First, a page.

The formula for building confidence, indeed for bringing about any personal change, has five elements.
First, develop self-awareness: know yourself, acknowledge that there are aspects of yourself that you wish to change, and understand what has stopped you feeling confident so far.
Then apply the I-T-I-A Formula© (pronounced eye-tea-ah):
■ Assert your intention to be confident, and make a commitment.
■ Change your thinking. This includes changing restrictive attitudes and beliefs.
■ Use your imagination. Imagine yourself as a confident person.
■ Act as if you are already confident. The more you speak and behave confidently, the more confident you will become.
All four parts of the I-T-I-A Formula© are essential, otherwise the change is unlikely to be permanent, or worse, nothing may change at all. If this sounds a little daunting, don’t worry – this entire programme is designed around these five elements – self-awareness, intention, thinking, imagination and acting ‘as if’. You will be introduced to them in small, practical steps to make it as easy as possible for you. All I ask is that you apply what you learn, stick with it and be patient. Entrenched habits don’t change overnight.
Self-esteem isn’t everything, it’s just that there’s nothing without it
Our first step is a simple but necessary one: buy a medium sized notebook. Use it for the written exercises in this programme, also to record your experiences and monitor your progress. Date each entry you make.
Your notebook will become a good friend, teacher and confidant, so keep it near you, consult it every day and update it regularly. Commit yourself to spending some time on this programme every day. Just ten minutes a day – reading, learning, thinking, doing etc – adds up to over 60 valuable hours of confidence building activity a year from now. Twenty-five minutes a day builds up to 152 hours in a year – that’s almost a week! Can you think of a better investment for your future?
What difference would it make to your life if you knew without any doubt that you could achieve anything you set your heart on? If you like jot down a few comments in your notebook.
Think about, and if you like write down, what confidence means to you. What do confident people do that unconfident people do not? What would you do differently if you were confident?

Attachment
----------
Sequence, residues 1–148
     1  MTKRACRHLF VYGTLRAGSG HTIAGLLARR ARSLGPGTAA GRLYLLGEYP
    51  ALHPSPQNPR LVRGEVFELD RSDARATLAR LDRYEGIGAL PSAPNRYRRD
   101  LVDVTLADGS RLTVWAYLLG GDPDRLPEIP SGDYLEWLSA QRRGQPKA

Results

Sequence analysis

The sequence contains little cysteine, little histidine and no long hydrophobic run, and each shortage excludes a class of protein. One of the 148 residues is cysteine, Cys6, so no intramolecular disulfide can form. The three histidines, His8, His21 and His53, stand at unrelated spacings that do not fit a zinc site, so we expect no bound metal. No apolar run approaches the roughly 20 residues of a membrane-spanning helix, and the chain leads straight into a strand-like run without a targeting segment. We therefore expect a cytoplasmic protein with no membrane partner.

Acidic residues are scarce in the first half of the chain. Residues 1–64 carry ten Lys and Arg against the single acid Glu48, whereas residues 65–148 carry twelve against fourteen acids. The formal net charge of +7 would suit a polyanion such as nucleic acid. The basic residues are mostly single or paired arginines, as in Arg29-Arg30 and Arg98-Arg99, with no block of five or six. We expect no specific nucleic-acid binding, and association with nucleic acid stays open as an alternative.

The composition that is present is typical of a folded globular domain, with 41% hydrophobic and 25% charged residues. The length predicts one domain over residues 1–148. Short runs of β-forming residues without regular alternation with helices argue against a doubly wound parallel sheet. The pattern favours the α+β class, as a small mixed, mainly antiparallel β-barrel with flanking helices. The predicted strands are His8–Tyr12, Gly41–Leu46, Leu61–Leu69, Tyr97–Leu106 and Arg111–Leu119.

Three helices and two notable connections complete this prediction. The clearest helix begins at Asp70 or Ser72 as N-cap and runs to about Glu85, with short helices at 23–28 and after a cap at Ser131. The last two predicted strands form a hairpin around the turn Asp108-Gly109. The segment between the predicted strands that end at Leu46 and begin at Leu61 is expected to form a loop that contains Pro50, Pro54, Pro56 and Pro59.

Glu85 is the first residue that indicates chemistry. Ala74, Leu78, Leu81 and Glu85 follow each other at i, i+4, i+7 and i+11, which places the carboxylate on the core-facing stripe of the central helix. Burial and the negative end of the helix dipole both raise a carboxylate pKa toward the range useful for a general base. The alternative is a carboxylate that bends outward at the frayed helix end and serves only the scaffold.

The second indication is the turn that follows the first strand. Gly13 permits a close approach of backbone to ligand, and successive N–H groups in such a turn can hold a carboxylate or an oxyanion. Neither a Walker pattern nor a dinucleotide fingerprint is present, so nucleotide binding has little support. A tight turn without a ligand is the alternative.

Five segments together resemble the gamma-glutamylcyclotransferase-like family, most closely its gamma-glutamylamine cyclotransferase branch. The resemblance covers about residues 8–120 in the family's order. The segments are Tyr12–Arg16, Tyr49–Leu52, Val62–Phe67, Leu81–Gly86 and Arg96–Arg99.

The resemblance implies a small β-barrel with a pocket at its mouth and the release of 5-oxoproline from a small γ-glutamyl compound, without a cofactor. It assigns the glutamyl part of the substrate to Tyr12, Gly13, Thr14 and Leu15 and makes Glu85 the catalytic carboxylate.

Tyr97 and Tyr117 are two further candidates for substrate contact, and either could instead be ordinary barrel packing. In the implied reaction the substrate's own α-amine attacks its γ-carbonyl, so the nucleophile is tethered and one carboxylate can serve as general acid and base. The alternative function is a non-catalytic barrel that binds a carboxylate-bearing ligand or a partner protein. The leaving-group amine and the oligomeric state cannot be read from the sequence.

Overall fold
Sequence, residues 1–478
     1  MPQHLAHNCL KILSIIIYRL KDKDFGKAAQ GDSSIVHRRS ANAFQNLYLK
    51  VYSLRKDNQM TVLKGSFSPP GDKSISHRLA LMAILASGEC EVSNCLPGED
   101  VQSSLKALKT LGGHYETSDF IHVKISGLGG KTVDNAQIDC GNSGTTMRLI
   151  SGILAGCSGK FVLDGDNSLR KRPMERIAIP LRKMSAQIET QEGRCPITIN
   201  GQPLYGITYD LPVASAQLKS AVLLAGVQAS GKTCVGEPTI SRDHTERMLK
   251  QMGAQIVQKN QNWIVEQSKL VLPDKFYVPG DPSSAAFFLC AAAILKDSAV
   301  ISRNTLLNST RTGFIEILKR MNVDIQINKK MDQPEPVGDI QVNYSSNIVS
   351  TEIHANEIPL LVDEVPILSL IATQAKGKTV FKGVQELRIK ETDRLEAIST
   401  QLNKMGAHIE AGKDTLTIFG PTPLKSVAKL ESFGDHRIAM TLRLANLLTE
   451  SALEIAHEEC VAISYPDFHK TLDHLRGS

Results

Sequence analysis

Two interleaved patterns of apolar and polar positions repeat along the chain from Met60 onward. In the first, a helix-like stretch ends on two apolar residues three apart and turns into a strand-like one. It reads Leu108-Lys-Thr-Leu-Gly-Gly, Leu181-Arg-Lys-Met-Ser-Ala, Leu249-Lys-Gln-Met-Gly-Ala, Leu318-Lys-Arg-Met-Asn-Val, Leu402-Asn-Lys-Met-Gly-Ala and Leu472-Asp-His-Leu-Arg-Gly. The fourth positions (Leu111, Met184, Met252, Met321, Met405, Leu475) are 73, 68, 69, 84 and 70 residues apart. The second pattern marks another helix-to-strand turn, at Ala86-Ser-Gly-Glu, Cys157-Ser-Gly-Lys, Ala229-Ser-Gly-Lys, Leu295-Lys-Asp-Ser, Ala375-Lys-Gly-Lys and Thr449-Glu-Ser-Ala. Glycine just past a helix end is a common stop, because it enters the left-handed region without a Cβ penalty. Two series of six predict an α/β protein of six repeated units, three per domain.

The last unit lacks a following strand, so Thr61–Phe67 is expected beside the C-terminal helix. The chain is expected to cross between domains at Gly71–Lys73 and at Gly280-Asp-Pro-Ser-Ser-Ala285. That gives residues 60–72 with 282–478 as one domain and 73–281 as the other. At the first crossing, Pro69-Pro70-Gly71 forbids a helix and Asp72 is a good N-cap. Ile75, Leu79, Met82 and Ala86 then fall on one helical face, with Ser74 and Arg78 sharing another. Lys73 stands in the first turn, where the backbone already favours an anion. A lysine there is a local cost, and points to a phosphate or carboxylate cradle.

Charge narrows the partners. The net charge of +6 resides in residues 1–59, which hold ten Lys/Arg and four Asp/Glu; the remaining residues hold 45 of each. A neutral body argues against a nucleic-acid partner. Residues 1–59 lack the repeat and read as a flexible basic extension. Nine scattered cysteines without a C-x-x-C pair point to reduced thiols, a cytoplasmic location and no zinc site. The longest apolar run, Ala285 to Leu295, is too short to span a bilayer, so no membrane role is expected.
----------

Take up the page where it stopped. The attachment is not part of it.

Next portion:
For example, perhaps you would find it easier to speak up for yourself, show your emotions, meet new people, or take on more responsibility at work?
Write down three beliefs that you hold about yourself which could be limiting your confidence.
Now think of three beliefs you would rather have, beliefs that would empower you and bring confidence. Cross out the limiting beliefs and write these empowering beliefs in their place.
What would you have to do for these new beliefs to come true?
Make yourself very comfortable, either sitting or lying down. Close your eyes, take a few deep breaths and relax.
Allow your imagination to flow freely. What would it be like to be perfectly confident? What difference would it make to your life?
Let your mind drift for a few minutes, then open your eyes and write down everything that comes to mind. Keep this list: you have it in
your power to experience all this one day. Remember, whatever your mind can conceive and believe, you can achieve.
Commit yourself to behaving more confidently, as from now, even if it feels like an act. Do what actors, musicians, politicians, sports stars and many others do the world over – pretend you’re confident, even if you’re not.
For instance, calm your breath, stand upright, look people in the eye and speak with a clear, unwavering tone: you will immediately feel more confident.
From now on make this an unshakable rule: stop putting yourself down.
Never say anything about yourself, either silently or out loud, that you don’t sincerely want to be or come true.
Decide right now to treat yourself with love and respect and accept only the best for yourself for the rest of your life.
Behind their public personae many well known people, including the most glamorous and esteemed, are desperately shy.
In a radio broadcast Terry O’Neill, the celebrity photographer whose pictures of the rich and famous have adorned glossy magazines all over the world, described the Paramount Studios’ centenary celebrations in Hollywood. A hundred top movie stars were brought together, many of whom wanted to meet Elizabeth Taylor. O’Neill spotted her cowering in a corner, close to the door.
‘I thought, no one’s going near her,’ he said, ‘so, as I’d met her before, I asked if I could assist her. I pointed out that all those people were here to meet her. She said, “I’m so frightened, Terry. I’ve never seen so many stars in one room.” She was star struck – they all were! Then she asked me to introduce her to Robert de Niro. I didn’t know him, but I took her over, and it was amazing. It was like seeing two stumbling children talking with each other.’